“O LORD, I have heard the report of you,
and your work, O LORD, do I fear.
In the midst of the years revive it;
in the midst of the years make it known;
in wrath remember mercy.”
— Habakkuk 3:2
I believe what we need in our day is not to presume the ineffectiveness of the Holy Spirit working through the preached Word but to repent of our decades of pragmatic methodology and materialist theology and to reclaim the proclamation of the gospel of Jesus Christ as the power of salvation for anybody, anywhere, any time. The United States desperately needs churches re-committed to the weird, counter-cultural supernaturality of biblical Christianity. And this means a re-commitment to rely on the gospel as our only power.
Creativity and intelligence can certainly adorn the gospel of grace, but there is no amount of creativity and intelligence that can waken a dead soul. Only the foolishness of the gospel can do that (1 Cor. 1:18). Not even sacrificial good works and biblical social justice can wake a dead soul, for the law has no power to raise in and of itself. Only the foolishness of the gospel can do that. And it is a shame that there are an increasing number of churches(!) that are blanching at the foolishness of the gospel these days. But Paul knows that the hope of the church and the world is the alien righteousness of Christ announced in that scandalous historical headline. “For Christ did not send me to preach the gospel with words of eloquent wisdom,” he says, “lest the cross of Christ be emptied of its power” (1 Cor. 1:17).
Paul knows that too often our creativity and intelligence don’t adorn the gospel, but obscure it. In some church environments, even though unwittingly, they replace it. But the apostle encourages us not to be ashamed—intentionally or even unintentionally —of the gospel, for it is the only power of salvation we’ve been stewarded. There. is. nothing. else. “I have resolved to know nothing among you except for Christ and him crucified” (1 Cor. 2:2).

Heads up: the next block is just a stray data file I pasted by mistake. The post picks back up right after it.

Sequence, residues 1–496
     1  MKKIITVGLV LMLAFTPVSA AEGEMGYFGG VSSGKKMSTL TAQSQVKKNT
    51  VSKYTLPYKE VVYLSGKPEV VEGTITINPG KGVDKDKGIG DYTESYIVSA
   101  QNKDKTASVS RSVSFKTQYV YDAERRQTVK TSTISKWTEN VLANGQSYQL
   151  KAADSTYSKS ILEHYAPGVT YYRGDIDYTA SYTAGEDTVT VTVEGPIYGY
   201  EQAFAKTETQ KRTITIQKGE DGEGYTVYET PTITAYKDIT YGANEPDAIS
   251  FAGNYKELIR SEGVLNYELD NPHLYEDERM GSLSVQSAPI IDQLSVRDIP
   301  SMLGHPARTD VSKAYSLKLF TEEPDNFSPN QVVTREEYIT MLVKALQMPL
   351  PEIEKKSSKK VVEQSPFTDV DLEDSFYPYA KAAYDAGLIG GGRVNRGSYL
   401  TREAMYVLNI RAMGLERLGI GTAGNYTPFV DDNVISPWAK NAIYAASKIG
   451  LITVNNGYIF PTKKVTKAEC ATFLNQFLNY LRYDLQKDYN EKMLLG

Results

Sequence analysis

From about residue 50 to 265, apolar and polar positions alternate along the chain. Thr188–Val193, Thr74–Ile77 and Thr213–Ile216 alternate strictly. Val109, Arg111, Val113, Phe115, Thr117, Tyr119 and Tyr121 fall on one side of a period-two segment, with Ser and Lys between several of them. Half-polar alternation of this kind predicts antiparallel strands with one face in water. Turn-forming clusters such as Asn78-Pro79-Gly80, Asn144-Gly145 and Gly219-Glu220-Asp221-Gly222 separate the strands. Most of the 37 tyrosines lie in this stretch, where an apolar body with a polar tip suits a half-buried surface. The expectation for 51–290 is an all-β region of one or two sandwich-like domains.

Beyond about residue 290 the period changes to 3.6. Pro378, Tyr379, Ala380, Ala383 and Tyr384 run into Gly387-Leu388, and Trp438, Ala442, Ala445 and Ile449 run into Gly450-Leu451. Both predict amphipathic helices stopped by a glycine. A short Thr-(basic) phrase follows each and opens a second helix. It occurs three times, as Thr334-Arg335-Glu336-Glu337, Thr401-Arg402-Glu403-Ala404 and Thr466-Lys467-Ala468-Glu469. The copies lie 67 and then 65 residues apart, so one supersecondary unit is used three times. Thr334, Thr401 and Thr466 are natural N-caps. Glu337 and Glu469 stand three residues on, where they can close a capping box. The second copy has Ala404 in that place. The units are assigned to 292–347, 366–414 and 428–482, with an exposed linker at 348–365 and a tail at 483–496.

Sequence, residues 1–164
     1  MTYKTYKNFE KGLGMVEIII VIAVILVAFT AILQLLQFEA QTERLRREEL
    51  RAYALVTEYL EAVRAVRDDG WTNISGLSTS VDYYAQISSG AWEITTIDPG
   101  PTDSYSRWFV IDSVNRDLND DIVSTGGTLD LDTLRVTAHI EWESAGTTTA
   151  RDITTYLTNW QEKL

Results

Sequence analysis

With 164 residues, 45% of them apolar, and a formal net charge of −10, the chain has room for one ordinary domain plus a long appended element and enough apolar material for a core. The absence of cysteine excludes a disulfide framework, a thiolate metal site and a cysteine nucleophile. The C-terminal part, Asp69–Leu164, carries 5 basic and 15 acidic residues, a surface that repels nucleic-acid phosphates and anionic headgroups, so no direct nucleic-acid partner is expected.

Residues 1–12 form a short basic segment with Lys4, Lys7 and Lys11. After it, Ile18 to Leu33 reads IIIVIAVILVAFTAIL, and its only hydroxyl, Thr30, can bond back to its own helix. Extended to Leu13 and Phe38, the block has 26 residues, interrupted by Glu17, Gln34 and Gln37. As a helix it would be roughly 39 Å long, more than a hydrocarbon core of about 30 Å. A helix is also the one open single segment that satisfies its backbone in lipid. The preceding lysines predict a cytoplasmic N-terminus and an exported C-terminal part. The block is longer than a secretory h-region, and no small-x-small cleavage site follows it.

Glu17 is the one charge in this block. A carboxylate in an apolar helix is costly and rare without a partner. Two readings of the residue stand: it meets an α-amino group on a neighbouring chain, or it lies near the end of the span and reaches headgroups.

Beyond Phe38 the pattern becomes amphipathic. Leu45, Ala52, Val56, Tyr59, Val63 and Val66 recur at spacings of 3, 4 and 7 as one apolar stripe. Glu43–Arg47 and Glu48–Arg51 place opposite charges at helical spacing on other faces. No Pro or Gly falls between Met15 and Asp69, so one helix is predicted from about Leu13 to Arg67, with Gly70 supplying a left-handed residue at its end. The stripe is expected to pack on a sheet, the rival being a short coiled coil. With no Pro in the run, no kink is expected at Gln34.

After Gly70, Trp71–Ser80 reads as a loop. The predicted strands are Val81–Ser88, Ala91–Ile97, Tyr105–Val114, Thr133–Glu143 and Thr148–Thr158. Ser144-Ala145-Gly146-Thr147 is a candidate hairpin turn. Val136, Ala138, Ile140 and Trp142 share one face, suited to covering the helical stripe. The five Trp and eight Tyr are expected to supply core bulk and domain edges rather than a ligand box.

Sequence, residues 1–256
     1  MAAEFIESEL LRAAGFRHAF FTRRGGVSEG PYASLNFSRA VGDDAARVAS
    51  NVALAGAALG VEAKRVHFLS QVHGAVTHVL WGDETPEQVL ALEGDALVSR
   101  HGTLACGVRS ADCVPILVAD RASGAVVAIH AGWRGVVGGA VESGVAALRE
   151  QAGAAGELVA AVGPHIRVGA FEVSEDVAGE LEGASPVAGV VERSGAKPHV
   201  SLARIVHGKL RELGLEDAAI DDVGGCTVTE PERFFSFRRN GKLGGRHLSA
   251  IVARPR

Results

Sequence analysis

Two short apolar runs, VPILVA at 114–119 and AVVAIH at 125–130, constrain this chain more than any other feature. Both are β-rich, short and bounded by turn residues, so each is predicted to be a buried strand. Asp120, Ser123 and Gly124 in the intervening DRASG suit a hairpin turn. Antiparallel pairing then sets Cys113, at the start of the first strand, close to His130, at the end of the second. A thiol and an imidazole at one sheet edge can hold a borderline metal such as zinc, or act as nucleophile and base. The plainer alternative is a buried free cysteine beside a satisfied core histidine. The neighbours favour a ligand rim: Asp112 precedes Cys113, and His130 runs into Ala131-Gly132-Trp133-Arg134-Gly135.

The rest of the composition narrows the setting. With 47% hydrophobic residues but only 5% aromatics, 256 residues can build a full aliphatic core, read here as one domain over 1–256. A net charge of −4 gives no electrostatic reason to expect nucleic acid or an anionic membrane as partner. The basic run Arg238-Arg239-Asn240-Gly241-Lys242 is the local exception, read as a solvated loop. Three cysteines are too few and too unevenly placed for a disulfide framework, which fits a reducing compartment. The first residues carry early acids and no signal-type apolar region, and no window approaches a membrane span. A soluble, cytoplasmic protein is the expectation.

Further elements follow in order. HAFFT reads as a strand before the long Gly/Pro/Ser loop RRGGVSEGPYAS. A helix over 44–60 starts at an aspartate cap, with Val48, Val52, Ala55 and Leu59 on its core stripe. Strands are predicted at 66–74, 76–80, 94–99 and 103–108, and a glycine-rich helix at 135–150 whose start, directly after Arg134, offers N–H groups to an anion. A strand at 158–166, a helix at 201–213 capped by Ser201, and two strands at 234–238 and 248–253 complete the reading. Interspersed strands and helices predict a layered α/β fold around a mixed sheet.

I know some reckon that steady gospel preaching and revival prayer do not amount to much compared to human ingenuity and industriousness. But the Holy Spirit can do much more than we think or ask. Let’s not run ahead of him. Let this, from Maurice Roberts’s sermon “Prayer for Revival,” be our prayer as well:
It is to our shame that we have imbibed too much of this world’s materialism and unbelief. What do we need more than to meditate on the precious covenant promises of Holy Scripture until our souls have drunk deeply into the spirit of a biblical supernaturalism? What could be more profitable than to eat and drink of heaven’s biblical nourishment till our souls become vibrant with the age-old prayer for revival, and till we find grace to plead our suit acceptably at the throne of grace?
The Lord has encouraged us to hope in him still. O that he would teach us to give him no rest day or night till he rain righteousness upon us!